Since it was the New Moon, I didn’t light candles on the stone pillars. I took my basket to the altar, replaced the candles on the middle step of the altar, and lit them. I poured water in the offering bowl, then added the fruit and flowers that I had brought for the offering. I added a fresh charcoal to the incense bowl, lit it, and inspected the statuary while I waited for it to turn red. Satisfied that nothing had been disturbed since my morning offerings, I dragged the old wooden chair out from behind the altar and sat down to begin my prayers, closing my eyes.

A bright flash of light and a loud booming sound interrupted me mid-prayer. I  turned towards it, but then a strong gust of wind blew through the trees, nearly knocking me off my chair. I managed to stand up, holding on to the chair to steady myself, as the wind died down. “What in the world?” I said out loud, taking up the lantern and heading down the path that lead to the open fields that were used for the industrial farms. I moved as quickly as I was able or dared to in the darkness, and when I got to the treeline, I heard the sounds of helicopters above me. I only saw them as blank spots in the sky that blotted out the stars. I turned off the lantern and backed into the trees as the searchlight moved over the fields. I wonder what they’re looking for? Maybe it was an experimental aircraft that crashed? I watched as they circled around, then finally land at the end of the field. 

I stood, transfixed and curious, watching people get out of the helicopters and disappear in the lighted area for a bit. I heard voices yelling, but they were too far away to know what they were saying. I wasn’t sure how long they took, but after a while, the people appeared again and went back into the helicopters. They then all lifted off at the same time, carefully maintaining space and distance. I wonder what they’re doing? I thought, but then stared in wonder as they pulled up the remains of what was once a saucer-like craft. Half of it was sparking and dented in, as if something took a huge bite out of it, while the other half was smooth and reflected the spotlights like a mirror.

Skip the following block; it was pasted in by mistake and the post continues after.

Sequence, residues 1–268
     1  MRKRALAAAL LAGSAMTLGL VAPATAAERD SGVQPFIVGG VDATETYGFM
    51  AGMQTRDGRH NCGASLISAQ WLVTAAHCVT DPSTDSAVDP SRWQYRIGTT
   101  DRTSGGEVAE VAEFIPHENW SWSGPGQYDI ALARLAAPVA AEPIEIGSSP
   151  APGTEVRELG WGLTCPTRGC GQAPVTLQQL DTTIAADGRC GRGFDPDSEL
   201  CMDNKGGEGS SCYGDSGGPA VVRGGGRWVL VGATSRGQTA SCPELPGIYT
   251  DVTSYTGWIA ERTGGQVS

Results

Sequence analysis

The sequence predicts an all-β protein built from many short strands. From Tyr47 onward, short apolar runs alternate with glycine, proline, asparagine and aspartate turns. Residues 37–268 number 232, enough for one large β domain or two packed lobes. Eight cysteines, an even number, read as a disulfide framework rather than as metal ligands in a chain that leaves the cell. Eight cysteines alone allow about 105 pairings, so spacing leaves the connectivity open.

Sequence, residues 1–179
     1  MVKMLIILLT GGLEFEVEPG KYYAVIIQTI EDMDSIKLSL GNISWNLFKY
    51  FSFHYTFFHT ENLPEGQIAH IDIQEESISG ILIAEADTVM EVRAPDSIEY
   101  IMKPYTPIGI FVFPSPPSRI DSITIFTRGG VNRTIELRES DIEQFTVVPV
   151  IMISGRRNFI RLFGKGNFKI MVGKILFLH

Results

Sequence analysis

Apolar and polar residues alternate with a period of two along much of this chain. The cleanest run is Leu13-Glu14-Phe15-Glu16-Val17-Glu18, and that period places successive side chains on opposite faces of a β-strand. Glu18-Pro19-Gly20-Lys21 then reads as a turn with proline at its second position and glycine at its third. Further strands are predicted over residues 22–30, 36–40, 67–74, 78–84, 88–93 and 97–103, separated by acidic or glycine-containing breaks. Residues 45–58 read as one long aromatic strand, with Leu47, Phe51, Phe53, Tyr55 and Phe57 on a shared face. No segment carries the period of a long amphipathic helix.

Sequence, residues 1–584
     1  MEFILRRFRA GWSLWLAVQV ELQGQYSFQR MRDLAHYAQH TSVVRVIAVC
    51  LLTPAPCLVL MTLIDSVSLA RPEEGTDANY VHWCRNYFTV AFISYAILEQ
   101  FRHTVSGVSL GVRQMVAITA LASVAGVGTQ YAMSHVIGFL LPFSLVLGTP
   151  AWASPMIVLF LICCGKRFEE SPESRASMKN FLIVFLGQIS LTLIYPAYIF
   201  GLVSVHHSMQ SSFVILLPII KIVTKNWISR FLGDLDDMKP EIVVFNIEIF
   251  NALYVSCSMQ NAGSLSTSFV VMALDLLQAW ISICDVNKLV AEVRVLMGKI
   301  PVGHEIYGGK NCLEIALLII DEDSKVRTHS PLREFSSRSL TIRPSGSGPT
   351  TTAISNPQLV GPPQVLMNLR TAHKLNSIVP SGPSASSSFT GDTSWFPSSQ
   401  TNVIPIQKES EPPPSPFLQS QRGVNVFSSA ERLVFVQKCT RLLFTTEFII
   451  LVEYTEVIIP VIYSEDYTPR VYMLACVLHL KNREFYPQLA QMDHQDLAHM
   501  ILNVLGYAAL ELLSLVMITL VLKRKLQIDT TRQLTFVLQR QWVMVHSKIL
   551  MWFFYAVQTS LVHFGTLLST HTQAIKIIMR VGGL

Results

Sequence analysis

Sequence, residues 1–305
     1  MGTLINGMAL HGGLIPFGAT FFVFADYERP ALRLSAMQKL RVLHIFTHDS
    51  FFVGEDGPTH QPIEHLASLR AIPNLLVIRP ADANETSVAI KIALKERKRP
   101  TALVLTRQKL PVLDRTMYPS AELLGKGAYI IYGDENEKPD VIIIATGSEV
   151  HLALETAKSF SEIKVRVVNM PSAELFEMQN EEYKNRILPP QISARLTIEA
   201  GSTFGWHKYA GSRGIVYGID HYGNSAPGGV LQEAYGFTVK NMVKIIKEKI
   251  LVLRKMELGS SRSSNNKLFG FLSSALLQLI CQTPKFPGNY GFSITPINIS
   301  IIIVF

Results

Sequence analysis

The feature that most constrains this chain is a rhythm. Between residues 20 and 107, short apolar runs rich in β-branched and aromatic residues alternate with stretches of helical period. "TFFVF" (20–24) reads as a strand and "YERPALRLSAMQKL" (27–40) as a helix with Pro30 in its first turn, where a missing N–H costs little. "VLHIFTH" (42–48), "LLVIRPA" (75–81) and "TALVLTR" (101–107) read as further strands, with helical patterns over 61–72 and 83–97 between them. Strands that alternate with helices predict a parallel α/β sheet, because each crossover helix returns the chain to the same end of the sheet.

I stared at it until I realized what direction they were heading. Shit! I thought and ran as fast I could down the trail back to the Shrine. I blew out the candles on the altar and huddled in the back of the lean-to, hoping that they hadn’t seen me. Or, at the very least, if they saw the circle, they’d ignore it, assuming I was in my cottage. I was registered with the city-state as a hermit, so they wouldn’t bother with me. Or so I hoped. 

I stayed in the lean-to, praying silently to the Spirits, trying to keep my breathing steady, until I could no longer hear the sounds of the helicopters. When it was quiet again, except for the usual forest sounds, I let out a sigh of relief, relit the altar candles, and a new charcoal, as the one I’d lit previously had burnt out. I gave up my regular New Moon prayers as a lost cause. I took the box of incense out of the basket, opened it and added it to the charcoal once it was red, then took some deep breaths, thinking I’d just go back to the cottage and have some tea. 

A branch broke, making me jump. I turned to face the middle of the circle, but couldn’t see anything. I picked up the lantern and turned it back on, illuminating the circle, but not much else. Another branch broke, as if someone was walking towards the circle, but with a really long stride. I froze, wishing I had my hunting rifle, but I never brought weapons to the Shrine. Another broken branch sounded, then a rustle. One of the bushes lining the circle shook. I couldn’t move. Part of me was curious, but part of me was terrified. Could it be an alien from that ship? What if it wasn’t friendly?